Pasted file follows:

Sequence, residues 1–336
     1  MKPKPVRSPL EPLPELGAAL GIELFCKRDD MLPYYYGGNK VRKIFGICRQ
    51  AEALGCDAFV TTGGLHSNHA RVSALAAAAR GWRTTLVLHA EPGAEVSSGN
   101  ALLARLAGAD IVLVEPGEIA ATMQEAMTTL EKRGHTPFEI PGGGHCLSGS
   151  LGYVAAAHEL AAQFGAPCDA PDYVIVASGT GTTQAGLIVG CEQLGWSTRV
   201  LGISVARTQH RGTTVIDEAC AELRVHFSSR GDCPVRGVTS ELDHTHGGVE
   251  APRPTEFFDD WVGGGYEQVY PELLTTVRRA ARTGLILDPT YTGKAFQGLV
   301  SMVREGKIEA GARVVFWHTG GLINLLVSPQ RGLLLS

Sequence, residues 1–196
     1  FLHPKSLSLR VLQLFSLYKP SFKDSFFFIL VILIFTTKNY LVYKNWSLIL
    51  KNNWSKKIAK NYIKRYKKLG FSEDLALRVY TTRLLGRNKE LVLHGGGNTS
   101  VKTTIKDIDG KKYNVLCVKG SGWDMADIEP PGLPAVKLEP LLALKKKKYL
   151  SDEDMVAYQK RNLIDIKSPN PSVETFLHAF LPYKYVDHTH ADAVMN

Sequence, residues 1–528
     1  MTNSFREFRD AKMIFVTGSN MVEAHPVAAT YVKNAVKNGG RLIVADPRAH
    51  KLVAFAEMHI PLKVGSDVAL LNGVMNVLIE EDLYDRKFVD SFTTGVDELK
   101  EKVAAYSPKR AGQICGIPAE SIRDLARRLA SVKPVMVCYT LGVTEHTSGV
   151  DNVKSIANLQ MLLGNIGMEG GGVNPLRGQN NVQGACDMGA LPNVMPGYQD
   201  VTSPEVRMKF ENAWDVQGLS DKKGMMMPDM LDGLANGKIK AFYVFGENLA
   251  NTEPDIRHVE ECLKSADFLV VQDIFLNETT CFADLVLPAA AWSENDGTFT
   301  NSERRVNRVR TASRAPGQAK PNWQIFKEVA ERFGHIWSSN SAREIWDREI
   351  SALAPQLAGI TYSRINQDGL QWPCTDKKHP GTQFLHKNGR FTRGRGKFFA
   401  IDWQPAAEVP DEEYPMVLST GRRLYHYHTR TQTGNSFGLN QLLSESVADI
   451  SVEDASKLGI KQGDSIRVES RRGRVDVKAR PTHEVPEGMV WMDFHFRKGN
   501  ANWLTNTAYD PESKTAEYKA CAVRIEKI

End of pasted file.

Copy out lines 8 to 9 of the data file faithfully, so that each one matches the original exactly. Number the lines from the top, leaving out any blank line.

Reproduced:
   301  SMVREGKIEA GARVVFWHTG GLINLLVSPQ RGLLLS

Sequence, residues 1–196